07 Heirloom – An unusally uptempo beat kicks things off, with a few whirrs and hisses that put me in the mind of the more industrial sounding Selmasongs again. I don’t know what the hell she’s on about again, swallowing little light? Don’t try this at home. The production sets this apart from the other tracks, but it’s still a bit of a strange one, it sort of fits the mould of a conventional song, but I can’t really get my hooks into this. Nice enough but difficult to recall afterwards.

06 Harm of will – I think I just dozed off for a minute, what was I doing? Ah that was it, dragging myself to the end of this album. Going almost acapella now, a few bleeps and bloops joining her occasionally. That nice old choir are back and rescue this from being a stone cold bore, they really are glorious aren’t they? But that’s about all there is to this. While at this point in “Post” I was ready for a lullaby moment to ease me off to the end, Vespertine really hasn’t earned that, and this is just another nondescript choral piece of fluff.

07 Unison – The last gasp now, all 7 minutes of it, get comfy. Starts unsurprisingly downtempo, but the beat arrives, and some plinky-plonking harp or shamisen or something, it’s even got a bit of a bounce to it after a few minutes. What I presume to be the chorus has a nice memorably simple melody to it, though again she’s never hitting the heights she reached in the first half of the album. Oh the strings! What a lovely surprise? Where have you been for this whole bloody album? 7 minutes really IS too much though.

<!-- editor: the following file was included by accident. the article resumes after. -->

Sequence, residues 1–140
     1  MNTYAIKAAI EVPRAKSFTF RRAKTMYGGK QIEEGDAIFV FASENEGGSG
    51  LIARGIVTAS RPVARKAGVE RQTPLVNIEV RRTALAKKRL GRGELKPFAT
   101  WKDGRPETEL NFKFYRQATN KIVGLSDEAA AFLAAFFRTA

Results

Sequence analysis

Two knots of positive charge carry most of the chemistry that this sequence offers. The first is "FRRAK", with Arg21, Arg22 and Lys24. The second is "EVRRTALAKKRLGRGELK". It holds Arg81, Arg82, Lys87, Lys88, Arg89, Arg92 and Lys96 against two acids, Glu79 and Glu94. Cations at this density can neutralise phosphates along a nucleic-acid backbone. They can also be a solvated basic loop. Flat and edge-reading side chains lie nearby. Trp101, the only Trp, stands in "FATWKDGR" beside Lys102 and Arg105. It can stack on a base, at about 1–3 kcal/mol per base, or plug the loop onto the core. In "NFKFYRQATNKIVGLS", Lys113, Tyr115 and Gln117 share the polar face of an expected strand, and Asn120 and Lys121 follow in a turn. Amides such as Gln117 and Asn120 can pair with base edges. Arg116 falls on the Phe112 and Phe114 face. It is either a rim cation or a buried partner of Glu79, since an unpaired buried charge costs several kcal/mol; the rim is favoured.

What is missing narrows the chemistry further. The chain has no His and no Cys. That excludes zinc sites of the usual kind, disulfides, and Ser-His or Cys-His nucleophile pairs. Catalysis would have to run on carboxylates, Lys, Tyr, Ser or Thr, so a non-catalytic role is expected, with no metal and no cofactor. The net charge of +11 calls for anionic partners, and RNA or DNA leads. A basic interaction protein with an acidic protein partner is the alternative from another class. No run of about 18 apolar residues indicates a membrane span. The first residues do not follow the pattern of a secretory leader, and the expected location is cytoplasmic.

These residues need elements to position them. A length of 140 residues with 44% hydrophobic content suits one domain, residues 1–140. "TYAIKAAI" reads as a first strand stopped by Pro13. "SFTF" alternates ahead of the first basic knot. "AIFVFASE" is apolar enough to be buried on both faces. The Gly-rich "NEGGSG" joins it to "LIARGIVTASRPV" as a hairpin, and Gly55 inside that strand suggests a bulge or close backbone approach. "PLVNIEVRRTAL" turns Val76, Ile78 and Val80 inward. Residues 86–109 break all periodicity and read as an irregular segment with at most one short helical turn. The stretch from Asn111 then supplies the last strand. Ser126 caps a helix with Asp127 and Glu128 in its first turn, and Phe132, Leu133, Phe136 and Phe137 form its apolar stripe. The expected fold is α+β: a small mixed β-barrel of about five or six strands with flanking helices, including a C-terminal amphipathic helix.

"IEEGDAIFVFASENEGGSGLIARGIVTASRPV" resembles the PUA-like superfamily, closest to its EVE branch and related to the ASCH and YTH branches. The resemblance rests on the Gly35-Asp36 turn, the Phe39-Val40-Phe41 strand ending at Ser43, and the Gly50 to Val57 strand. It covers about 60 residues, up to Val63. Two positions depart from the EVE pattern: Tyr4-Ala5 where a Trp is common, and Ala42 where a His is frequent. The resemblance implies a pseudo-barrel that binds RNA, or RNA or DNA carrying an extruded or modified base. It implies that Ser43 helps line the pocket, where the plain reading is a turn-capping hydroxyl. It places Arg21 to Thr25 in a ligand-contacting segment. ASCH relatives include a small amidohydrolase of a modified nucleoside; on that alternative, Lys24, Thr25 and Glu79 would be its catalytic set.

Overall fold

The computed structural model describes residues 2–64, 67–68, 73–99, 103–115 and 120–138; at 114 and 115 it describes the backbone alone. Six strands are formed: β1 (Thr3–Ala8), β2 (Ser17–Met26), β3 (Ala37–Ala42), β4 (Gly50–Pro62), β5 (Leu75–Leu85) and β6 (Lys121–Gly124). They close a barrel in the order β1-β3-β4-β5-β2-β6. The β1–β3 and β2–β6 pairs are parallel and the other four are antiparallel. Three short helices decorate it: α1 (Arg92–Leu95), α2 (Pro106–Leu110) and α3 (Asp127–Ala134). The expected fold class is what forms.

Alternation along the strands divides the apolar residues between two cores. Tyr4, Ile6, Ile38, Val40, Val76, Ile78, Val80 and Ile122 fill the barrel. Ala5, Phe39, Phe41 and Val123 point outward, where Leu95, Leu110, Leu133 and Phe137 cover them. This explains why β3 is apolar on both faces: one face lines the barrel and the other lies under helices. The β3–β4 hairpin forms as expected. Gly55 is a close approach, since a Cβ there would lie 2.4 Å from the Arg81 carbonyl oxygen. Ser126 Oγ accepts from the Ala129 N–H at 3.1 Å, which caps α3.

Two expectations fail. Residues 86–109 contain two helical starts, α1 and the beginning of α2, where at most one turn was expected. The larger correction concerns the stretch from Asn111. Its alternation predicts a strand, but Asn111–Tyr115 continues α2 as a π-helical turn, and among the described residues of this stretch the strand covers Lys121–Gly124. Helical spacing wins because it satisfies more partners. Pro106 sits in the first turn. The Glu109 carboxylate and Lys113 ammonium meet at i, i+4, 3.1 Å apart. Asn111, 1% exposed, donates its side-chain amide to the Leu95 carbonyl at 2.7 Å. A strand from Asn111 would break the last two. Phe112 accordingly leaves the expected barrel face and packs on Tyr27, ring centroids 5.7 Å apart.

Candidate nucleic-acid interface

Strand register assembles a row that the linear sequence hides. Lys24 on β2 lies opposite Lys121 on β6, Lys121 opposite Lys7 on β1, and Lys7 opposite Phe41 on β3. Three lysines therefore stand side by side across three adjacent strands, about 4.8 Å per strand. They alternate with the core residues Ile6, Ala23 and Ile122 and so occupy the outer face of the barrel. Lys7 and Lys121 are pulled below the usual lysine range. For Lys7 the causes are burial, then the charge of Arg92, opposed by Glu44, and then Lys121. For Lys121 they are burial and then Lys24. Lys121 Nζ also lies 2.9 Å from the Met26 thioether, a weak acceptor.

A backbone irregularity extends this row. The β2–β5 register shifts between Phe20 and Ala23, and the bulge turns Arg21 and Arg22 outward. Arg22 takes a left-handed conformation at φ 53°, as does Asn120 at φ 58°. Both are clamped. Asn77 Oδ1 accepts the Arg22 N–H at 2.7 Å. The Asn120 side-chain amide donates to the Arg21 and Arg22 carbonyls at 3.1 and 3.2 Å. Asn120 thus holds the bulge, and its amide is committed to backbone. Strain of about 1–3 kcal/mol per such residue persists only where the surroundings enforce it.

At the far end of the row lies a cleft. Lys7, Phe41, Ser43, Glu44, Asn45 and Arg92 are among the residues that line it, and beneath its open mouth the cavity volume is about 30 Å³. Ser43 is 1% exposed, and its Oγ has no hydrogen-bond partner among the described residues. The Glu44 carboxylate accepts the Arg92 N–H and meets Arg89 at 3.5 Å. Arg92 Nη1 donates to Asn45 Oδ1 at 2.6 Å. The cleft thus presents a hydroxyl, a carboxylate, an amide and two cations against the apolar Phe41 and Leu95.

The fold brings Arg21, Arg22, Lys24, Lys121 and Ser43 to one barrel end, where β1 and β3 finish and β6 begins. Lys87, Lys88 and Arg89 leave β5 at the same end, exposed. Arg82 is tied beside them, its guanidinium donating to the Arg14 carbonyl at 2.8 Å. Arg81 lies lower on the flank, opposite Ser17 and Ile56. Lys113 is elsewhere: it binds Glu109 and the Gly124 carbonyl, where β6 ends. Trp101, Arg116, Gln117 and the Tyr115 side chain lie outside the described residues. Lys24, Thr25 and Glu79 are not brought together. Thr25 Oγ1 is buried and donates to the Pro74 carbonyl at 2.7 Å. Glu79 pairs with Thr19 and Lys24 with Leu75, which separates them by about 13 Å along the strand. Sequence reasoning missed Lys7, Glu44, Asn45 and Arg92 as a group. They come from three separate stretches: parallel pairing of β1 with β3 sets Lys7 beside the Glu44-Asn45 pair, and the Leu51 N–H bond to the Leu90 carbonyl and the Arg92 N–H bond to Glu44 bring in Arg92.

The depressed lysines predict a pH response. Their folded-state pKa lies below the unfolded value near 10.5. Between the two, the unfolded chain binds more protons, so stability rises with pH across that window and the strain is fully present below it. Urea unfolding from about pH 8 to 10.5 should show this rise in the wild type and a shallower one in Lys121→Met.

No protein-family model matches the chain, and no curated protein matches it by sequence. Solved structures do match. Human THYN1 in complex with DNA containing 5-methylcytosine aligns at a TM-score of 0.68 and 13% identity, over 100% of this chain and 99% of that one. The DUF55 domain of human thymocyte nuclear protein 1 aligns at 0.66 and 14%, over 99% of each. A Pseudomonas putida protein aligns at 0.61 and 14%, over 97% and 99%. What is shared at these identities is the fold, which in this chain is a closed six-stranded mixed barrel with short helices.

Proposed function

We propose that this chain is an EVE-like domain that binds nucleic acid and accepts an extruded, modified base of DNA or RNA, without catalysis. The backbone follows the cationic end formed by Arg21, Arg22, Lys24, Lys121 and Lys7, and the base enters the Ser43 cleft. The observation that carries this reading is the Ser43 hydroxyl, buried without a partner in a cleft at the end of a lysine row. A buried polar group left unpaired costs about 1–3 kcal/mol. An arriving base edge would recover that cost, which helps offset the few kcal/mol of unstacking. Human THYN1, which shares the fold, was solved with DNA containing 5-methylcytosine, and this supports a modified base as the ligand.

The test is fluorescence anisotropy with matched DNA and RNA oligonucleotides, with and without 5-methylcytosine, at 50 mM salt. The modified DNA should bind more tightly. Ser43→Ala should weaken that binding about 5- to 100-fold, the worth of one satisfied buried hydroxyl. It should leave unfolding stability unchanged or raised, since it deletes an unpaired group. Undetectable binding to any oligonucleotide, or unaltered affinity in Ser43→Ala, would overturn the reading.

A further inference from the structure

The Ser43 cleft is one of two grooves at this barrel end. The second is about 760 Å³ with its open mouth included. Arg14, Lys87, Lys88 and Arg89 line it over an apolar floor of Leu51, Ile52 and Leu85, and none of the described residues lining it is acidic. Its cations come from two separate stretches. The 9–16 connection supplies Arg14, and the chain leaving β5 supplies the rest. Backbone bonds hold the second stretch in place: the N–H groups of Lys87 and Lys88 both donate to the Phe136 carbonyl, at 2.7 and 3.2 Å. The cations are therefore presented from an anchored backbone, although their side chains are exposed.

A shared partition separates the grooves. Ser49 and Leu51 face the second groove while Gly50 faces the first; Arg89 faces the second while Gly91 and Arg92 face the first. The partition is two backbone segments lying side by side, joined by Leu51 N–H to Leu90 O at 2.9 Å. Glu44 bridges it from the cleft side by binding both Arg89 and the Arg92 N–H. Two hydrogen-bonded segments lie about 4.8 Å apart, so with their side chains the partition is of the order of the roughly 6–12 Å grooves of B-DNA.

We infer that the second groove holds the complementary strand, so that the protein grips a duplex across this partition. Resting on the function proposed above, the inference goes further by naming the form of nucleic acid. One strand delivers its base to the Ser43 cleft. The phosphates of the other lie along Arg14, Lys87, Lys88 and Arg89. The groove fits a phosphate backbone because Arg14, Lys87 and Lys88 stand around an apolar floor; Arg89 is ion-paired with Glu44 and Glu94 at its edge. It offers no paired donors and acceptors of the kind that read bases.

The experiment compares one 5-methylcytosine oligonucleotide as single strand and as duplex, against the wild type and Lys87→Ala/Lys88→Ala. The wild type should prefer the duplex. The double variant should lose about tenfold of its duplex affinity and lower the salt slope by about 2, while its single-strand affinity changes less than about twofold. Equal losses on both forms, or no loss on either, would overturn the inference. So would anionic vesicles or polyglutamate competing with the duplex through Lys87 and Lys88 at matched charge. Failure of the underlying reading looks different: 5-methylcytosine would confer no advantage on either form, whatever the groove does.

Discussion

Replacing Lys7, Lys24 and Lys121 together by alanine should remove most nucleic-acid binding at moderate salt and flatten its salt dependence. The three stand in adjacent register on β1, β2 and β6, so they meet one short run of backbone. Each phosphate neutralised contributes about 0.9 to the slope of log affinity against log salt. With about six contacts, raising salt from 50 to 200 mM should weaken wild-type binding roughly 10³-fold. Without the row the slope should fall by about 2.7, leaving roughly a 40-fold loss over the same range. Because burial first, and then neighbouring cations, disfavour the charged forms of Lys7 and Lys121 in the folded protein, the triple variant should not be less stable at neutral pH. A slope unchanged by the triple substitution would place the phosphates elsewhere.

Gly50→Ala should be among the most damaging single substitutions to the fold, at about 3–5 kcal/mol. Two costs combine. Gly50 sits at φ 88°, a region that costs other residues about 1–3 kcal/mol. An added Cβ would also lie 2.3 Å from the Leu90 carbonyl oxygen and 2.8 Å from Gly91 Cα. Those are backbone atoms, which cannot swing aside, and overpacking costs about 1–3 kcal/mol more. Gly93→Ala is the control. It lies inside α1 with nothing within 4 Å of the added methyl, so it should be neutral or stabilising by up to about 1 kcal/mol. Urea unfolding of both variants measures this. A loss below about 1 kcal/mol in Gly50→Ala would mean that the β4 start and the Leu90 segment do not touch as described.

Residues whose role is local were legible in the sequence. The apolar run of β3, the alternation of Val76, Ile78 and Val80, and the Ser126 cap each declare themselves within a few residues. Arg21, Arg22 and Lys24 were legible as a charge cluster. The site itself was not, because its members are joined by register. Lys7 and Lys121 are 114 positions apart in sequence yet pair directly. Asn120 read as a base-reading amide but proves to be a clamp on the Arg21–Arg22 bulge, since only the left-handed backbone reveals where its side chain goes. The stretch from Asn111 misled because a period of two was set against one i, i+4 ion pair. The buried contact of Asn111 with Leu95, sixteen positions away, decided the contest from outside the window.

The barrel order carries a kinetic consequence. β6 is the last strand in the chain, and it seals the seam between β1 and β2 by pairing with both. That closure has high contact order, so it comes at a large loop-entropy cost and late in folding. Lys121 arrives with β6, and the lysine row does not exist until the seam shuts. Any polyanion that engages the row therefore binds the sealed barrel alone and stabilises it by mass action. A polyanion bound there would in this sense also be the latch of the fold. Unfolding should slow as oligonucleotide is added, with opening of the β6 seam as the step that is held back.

So there we have it, it’s an album of two halves, the first of which is a delight for the most part, but the second is just dead weight to me. I love the feeling and the idea of this album more than I like its delivery. It’s just that for every moment of crisp, pristine, freshly-fallen snow, there are other parts moving at a glacial pace and just aren’t distinctive enough to hold their own. After the rampant experimentalism of Homogenic only partly paying off, it’s definitely a case of “be careful what you wish for”, and while this never plumbs the depths reached on other albums, it never quite hits the heights either.

Keepers for the iPod: Hidden Place, Pagan Poetry, Frosti

Up next: Medulla (2004)

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1 Comment

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One response to “Album: Bjork – “Vespertine” (2001)

  1. Pingback: Album: Susanne Sundfør – “The Brothel” (2010) | Verbal Diarrhoea